The Week in Lighting & Sound

Tuesday, 14 February 2017

Keeping Music Live - London mayor Sadiq Khan has welcomed government proposals to safeguard live music venues by strengthening the ‘agent of change’ principle. It comes weeks after the mayor’s office announced the rate of small music venue closures has slowed, with numbers in the capital staying the same for the first time in a decade.
In its Housing White Paper, released this week, the government outlined plans to amend the National Planning Policy Framework and strengthen the agent of change principle. This means that developers must take into account existing venues when building nearby and be responsible for ensuring their properties are adequately soundproofed.
Implementing the principle was one of a number of recommendations made in a report published last year on how to tackle the decline of grassroots music venues. Welcoming the step, Khan described it as an integral part of protecting venues. “It’s completely unfair that a venue, which may have existed in an area for decades, should have to incur the cost of a new neighbour moving in, which can often result in its closure,” he added.
Winner Takes All - Adele proved the big winner at the Grammy Awards 2017, taking a clean sweep of the major categories and receiving five trophies. The British singer won Album of the Year and Best Pop Vocal Album for her third album 25, while its lead single Hello was awarded Record of the Year. She also won Song of the Year and Best Pop Solo Performance, taking her total Grammy wins to 15.
Adele is the second woman to win Album of the Year twice, following Taylor Swift’s second win last year for 1989. At the event in Los Angeles, the tearful star dedicated her Album of the Year award to Beyonce, who missed out with her celebrated work Lemonade.
David Bowie’s final album Blackstar saw the rock icon take five posthumous awards, including Best Alternative Music Album, Best Rock Song, Best Recording Package, Best Engineered Album, and Best Rock Performance for the LP’s title track.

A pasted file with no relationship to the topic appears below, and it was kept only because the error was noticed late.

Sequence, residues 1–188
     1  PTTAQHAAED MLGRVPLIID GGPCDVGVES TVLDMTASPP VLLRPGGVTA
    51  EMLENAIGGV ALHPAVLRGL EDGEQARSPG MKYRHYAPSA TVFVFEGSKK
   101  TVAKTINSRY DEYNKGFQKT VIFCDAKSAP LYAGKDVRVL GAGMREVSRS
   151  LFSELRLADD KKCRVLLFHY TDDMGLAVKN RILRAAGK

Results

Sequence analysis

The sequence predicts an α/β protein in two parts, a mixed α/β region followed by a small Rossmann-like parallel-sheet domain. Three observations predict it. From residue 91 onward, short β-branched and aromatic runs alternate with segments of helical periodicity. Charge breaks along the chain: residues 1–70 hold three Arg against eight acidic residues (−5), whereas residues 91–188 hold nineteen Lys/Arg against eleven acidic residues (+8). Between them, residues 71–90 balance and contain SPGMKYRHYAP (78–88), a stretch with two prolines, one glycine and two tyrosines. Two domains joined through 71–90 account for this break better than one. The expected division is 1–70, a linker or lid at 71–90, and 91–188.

Reverse Orders - The government has stepped in to reverse a decision made last year that said GCSE and A level drama students would no longer be required to see a live theatre performance as part of their course.
New syllabuses published in 2016 from exam boards AQA and OCR decreed that pupils no longer had to be taken on a theatre trip as part of drama courses, and schools could show a recording of a play – from National Theatre Live or Digital Theatre – instead. However, the Department for Education has now issued new subject content for drama that includes explicit requirements regarding theatre trips.
Students must "experience live performance where they are a member of the audience in the same performance space as the performers. This may be a professional or amateur, but not a peer, performance". The initial decision to remove the requirement of live performance from the syllabus was met with intense criticism from the theatre industry, with actors including David Harewood, Meera Syal and Zoe Wanamaker claiming the guidelines could mean that schools might avoid theatre trips altogether.
Farewell - Seven-time Grammy Award-winning jazz and pop singer Al Jarreau has died in Los Angeles at the age of 76, his publicist says. The cause of his death was not immediately clear. He was in a hospital being treated for exhaustion. A rare artist to have won a Grammy in jazz, pop and R&B categories, Jarreau was famed for writing the theme to hit television show Moonlighting. Earlier this month, he retired from touring after more than 50 years.
Underground Music - A composer who plans to create a work of music scored beneath the limits of human hearing has won the Dare Arts Prize. Samuel Hertz will spend a year working to create the piece of electro-acoustic chamber music. The new annual competition, which has a £15,000 prize, is aimed at getting artists and scientists to work together creatively. It is organised by Opera North and the University of Leeds. Mr Hertz was chosen from a shortlist of five artists who proposed works which included whale choir, the exploration of cosmic bubbles and a slime study.
(Jim Evans)
14 February 2017